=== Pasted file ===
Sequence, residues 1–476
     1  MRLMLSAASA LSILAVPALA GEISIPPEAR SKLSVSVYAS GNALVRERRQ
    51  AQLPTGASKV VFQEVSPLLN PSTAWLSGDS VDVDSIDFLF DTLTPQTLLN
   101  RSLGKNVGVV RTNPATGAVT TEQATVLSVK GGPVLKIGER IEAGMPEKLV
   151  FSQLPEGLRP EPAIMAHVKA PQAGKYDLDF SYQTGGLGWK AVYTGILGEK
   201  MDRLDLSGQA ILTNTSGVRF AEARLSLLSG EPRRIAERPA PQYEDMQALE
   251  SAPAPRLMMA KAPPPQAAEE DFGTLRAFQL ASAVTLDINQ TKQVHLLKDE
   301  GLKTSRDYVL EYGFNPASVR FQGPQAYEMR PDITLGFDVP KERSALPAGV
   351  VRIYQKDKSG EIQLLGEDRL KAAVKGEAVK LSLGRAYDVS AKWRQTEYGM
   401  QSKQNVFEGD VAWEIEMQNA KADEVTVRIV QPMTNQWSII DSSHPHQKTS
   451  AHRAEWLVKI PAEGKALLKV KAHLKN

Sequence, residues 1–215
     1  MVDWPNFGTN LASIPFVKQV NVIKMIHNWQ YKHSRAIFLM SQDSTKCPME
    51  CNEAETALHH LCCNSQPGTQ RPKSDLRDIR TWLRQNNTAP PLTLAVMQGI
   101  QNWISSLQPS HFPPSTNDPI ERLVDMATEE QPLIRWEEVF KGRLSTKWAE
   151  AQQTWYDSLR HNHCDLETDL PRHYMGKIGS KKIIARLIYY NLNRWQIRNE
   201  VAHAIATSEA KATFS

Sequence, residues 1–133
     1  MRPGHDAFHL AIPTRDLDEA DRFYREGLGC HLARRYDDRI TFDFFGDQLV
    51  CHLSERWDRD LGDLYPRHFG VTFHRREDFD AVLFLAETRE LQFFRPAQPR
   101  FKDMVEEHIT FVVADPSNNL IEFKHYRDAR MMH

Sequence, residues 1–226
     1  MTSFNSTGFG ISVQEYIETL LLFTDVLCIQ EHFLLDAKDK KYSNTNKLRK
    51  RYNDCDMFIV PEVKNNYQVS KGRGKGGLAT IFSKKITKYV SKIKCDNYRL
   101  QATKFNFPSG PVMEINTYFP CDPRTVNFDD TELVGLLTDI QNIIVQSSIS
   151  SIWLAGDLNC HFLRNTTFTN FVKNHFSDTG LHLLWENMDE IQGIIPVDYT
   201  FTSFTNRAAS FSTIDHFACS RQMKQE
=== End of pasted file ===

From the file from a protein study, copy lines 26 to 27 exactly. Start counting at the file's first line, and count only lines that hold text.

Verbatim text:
   151  SIWLAGDLNC HFLRNTTFTN FVKNHFSDTG LHLLWENMDE IQGIIPVDYT
   201  FTSFTNRAAS FSTIDHFACS RQMKQE